Kingswood Academy

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About Kingswood Academy

Name Kingswood Academy
Ofsted Inspections
Principal Mr Richard Westoby
Address Wawne Road, Bransholme, Hull, HU7 4WR
Phone Number 01482879967
Phase Academy
Type Academy sponsor led
Age Range 11-16
Religious Character None
Gender Mixed
Number of Pupils 1375
Local Authority Kingston upon Hull, City of
Highlights from Latest Inspection


Kingswood Academy continues to be a good school.

There is enough evidence of improved performance to suggest that the school could be judged outstanding if we were to carry out a graded (section 5) inspection now. The school's next inspection will be a graded inspection.

What is it like to attend this school?

Pupils receive a high standard of education.

Leaders are ambitious for pupils to secure 'first-rate qualifications'. The vast majority of pupils achieve highly. Leaders have established an environment where all pupils are welcomed.

Leaders' high expectations for behaviour are realised by pupils. Bullying is extremely rare. When it does occur, pupils have conf...idence in adults to resolve it effectively.

Despite this, some parents and carers are not supportive of leaders' approach to securing exemplary behaviour.

Pupils participate in well-structured activities at social times. At break, the majority of pupils play board games and/or take part in house quizzes.

House captains use breaktimes as an opportunity to gather feedback about the school. They share pupils' views with school leaders. At lunchtime or after school, many pupils enjoy playing sports or attending enrichment clubs.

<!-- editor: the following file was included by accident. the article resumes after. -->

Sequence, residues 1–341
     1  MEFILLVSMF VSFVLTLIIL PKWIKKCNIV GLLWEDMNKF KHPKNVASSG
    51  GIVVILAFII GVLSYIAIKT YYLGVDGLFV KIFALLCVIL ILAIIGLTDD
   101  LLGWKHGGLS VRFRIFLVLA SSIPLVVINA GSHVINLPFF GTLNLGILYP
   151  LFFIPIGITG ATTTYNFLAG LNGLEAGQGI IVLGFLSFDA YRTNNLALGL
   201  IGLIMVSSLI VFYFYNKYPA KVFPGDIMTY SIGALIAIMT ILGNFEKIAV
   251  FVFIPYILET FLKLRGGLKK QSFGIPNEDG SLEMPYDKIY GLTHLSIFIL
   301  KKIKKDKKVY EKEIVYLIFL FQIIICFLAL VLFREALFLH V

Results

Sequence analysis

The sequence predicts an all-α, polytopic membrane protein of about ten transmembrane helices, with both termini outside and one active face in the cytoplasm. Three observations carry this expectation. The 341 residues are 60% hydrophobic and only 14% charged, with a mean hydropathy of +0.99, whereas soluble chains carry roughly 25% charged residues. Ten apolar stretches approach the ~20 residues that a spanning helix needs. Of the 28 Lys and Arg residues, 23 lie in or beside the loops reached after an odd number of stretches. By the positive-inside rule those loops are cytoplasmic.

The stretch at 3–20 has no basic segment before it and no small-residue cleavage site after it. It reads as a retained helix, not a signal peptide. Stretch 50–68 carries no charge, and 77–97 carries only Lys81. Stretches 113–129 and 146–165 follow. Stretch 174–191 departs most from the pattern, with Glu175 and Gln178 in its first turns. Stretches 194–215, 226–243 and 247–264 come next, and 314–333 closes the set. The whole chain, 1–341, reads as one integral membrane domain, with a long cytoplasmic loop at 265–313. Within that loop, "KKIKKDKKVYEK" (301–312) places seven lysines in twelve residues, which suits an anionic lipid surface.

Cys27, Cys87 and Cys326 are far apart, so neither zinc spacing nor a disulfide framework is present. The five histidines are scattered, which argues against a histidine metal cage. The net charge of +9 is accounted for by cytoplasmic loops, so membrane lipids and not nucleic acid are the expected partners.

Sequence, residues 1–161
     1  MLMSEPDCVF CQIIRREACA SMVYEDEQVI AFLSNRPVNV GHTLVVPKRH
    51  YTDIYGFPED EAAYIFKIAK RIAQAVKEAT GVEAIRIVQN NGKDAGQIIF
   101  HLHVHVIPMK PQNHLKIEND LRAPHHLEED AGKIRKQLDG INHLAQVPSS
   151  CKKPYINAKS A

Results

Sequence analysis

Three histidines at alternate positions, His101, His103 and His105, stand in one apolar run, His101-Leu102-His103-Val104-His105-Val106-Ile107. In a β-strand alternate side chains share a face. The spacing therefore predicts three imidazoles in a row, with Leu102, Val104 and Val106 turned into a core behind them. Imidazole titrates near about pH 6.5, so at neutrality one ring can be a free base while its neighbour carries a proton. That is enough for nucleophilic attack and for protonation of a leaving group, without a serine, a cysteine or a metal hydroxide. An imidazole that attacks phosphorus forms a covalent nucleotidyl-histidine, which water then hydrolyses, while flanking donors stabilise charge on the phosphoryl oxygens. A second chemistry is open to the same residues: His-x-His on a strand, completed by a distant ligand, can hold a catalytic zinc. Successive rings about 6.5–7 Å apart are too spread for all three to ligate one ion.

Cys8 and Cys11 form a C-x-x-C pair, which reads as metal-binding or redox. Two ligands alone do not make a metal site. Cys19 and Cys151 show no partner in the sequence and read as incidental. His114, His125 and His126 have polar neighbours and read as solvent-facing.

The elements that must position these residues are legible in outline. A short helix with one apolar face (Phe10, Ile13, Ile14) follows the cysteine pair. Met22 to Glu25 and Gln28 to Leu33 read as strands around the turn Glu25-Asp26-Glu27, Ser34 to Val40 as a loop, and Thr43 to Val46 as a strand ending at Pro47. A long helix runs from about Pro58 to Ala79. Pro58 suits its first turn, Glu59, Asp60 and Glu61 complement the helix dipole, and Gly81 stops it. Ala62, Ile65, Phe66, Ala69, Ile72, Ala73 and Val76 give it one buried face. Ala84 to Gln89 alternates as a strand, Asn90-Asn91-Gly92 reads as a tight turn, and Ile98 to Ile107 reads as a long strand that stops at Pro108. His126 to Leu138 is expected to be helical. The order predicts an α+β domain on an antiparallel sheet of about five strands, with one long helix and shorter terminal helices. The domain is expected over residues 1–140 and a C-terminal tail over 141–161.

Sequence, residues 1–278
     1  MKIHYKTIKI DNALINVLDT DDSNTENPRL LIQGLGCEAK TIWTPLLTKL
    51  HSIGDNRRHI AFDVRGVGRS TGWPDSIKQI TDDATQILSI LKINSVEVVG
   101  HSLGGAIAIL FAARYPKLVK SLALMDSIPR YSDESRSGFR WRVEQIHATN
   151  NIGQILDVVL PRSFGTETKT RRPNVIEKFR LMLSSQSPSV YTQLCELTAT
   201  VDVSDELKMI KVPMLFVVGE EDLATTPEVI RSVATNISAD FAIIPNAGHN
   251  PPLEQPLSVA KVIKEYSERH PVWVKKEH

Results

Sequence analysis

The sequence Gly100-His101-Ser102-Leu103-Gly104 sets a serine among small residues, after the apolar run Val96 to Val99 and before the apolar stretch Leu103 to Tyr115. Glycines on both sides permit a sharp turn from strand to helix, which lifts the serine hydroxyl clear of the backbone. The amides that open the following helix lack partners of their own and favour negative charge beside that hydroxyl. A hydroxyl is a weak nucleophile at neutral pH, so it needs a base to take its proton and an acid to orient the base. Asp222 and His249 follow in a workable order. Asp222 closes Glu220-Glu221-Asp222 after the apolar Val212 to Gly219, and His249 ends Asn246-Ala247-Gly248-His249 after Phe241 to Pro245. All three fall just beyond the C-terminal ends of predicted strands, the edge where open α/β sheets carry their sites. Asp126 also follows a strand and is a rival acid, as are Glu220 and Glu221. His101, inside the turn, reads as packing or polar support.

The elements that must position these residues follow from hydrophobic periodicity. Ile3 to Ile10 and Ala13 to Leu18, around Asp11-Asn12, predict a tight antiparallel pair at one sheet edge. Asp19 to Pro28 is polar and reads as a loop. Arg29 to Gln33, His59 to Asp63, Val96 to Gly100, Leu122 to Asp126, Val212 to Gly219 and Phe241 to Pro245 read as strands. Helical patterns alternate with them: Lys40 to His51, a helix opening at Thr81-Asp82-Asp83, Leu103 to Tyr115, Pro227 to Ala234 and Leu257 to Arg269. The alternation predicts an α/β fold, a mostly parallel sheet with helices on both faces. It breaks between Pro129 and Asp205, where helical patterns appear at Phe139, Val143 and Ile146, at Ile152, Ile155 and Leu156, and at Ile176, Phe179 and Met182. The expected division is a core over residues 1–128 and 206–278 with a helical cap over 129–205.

This includes some pupils who learn about animal care at the school farm.

Leaders have designed 'experience passports' for pupils. The passports form part of their highly effective work to develop pupils' character and citizenship.

Leaders describe these passports as 'a bucket list of the experiences we want our pupils to take part in'. Pupils update their passport whenever they participate in enrichment activities or educational visits. Pupils with talents in particular sports are well supported through the sports academy.

These pupils receive additional help to excel in their area of expertise. For example, the girls' rugby team benefits from coaching from the local elite rugby league team.

What does the school do well and what does it need to do better?

Pupils study a wide range of subjects.

Recently, leaders have extended this to include subjects such as photography and additional vocational subjects. These subjects reflect pupils' diverse talents and interests. Subject leaders ensure that the curriculum is well established and of high quality.